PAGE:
Planning for food security a must


"IT IS a dry spell caused by some low pressure over Mozambique and the Indian Ocean." These are the statements coming from our weather friends.

Whatever they choose to call it, we last had meaningful rains on or before the December 27.
In agriculture and dry land field crop production in particular, having over 30 days without rain or water to irrigate the crop is a drought. This is because many crops will have reached what is called a permanent wilting point. This implies that no matter how much water they will receive thereafter, they will not recover; they are dead! Many fields in Central, Southern and Eastern provinces are in this state.
Recently I shared with you an article in which I explained the advantages of using certain fungicides in crop production that have a combination of a stroby and triazole such as Opera. These are proven fungicides that go beyond disease control to help manage stress such as disease, less water and too much water. These products formulation is excellent and it has been proven even under field conditions. The past winter season, one commercial farmer had used these technologies in his wheat and the application of the second fungicide was done a bit early such that they had some powdery mildew towards the end of the season. The farmer was worried that it was going to compromise his yields. We assured him that as long as the disease was not getting to the flag leaf, it was going to be a successful crop. And true to our word, he had the highest average yields in his area; far much better than those that had used ‘perceived’ cheaper solutions with effective disease control. These are products powered by years of research with top-notch scientists in the world and have been coined to have AgCelence properties – meaning agricultural excellence. If you want to learn more about which of these products will help you manage this drought well, please get in touch, especially if your soya is yet to flower or your maize is about knee high.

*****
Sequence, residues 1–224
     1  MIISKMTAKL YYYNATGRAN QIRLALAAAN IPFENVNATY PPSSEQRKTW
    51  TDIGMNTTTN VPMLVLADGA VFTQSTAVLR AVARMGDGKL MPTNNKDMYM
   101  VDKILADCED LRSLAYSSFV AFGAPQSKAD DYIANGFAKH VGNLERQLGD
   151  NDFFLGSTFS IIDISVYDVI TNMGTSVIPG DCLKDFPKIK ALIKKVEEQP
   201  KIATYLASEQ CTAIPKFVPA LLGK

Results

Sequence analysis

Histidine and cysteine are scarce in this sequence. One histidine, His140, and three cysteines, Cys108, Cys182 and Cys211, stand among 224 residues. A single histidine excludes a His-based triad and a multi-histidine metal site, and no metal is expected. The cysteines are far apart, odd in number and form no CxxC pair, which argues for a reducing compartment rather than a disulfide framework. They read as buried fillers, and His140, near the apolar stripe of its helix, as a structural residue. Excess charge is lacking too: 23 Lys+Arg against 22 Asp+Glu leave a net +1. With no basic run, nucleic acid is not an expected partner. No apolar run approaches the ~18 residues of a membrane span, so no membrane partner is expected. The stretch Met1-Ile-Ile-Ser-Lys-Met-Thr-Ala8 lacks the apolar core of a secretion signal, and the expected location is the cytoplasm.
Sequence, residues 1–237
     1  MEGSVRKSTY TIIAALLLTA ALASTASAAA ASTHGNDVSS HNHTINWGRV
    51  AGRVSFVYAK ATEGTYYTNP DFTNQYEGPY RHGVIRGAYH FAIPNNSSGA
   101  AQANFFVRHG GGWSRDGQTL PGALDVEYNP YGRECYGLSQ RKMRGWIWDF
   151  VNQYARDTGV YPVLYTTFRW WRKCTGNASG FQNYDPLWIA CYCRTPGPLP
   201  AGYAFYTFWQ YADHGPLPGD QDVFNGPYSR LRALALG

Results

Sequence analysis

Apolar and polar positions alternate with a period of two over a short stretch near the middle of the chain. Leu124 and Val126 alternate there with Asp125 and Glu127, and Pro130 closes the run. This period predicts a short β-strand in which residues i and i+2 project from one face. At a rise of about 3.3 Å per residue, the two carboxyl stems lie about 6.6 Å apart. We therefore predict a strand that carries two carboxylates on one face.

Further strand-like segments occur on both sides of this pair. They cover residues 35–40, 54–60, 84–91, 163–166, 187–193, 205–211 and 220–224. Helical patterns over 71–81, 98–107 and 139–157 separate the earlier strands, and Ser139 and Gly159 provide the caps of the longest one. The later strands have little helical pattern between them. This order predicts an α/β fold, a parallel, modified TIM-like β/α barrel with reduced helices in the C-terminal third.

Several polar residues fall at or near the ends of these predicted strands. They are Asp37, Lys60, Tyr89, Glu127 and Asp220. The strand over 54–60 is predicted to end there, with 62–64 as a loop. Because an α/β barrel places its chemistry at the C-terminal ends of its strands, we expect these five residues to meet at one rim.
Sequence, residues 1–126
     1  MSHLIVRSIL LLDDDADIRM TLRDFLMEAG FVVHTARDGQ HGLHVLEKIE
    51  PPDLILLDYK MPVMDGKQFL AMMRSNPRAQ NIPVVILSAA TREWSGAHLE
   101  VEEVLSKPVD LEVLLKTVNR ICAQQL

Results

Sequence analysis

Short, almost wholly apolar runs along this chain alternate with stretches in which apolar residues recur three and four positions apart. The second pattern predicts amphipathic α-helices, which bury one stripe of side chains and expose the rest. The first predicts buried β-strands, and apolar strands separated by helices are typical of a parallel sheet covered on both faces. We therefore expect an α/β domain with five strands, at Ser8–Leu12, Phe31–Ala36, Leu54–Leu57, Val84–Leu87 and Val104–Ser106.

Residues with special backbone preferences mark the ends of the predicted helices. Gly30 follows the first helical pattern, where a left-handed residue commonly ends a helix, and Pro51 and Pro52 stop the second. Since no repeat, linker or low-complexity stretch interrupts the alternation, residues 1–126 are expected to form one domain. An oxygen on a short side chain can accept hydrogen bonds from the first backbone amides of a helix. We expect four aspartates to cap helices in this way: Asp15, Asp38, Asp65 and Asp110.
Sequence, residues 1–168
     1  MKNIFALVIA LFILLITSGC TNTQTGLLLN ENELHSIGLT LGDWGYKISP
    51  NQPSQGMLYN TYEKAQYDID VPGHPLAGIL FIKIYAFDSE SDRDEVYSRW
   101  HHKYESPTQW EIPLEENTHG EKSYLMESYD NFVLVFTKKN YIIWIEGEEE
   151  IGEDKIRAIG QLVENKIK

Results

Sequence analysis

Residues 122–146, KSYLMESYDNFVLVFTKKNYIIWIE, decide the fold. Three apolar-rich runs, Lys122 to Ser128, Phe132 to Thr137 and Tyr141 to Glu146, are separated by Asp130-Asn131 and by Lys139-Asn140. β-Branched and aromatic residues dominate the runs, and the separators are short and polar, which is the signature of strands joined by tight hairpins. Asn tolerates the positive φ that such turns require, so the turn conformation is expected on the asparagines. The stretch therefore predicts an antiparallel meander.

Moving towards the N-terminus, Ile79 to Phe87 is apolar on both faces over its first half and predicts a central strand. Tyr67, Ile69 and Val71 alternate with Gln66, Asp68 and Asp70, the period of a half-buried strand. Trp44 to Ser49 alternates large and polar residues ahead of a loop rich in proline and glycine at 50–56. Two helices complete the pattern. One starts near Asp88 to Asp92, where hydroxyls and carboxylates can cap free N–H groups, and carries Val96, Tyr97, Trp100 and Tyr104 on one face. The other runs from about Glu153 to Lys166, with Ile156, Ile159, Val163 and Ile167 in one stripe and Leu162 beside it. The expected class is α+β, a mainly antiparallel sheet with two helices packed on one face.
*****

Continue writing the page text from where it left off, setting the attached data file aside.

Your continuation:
Anyway, to me this is a drought and not a dry spell because when I looked at the forecast by the weather men, it is consistent that the same areas will continue to receive below-normal rainfall for most of the season. What is now important is that we need to manage our strategic food reserve. Again, I proposed in one article that the Food Reserve Agency (FRA) should be allowed to have stock of 1.5 million metric tonnes (MT) of maize at any point to cover three years. Currently, I do not think FRA holds enough maize to see us to the harvest of 2019. If they managed to buy 500,000Mt last season, then we could have reduced that quite dramatically by now. What this implies is that we will be looking forward to importing maize from South Africa because it has better irrigation facilities, or we will look to Brazil and America, depending on how quick we move. I know that we have received or are receiving enough rains in the north, but it is a region which mainly grows cassava. There are other districts like Mbala, Kawambwa and Isoka that have of late been ‘popping’ their noses as far as maize production is concerned, but these will be overwhelmed by traders from Tanzania and Congo as has been the case in the past. If I was the one managing FRA, I would think of announcing the buying price as early as end of March and provide a reasonably good price of not less than K100 to entice farmers not to sell their crop while in the field. This phenomenon they are calling the dry spell has affected many countries in southern Africa, including Malawi, Zimbabwe and South Africa. Therefore, it calls for proactive management of strategic reserves for the country if we don’t want to see ourselves, who are the ‘large grain borers’ starving to death. Remember that food security starts with the way you grow your crops. Use proven technologies that will ensure you have crop harvest assurance. Don’t throw away food – that is money.
This author is an agribusiness practitioner.

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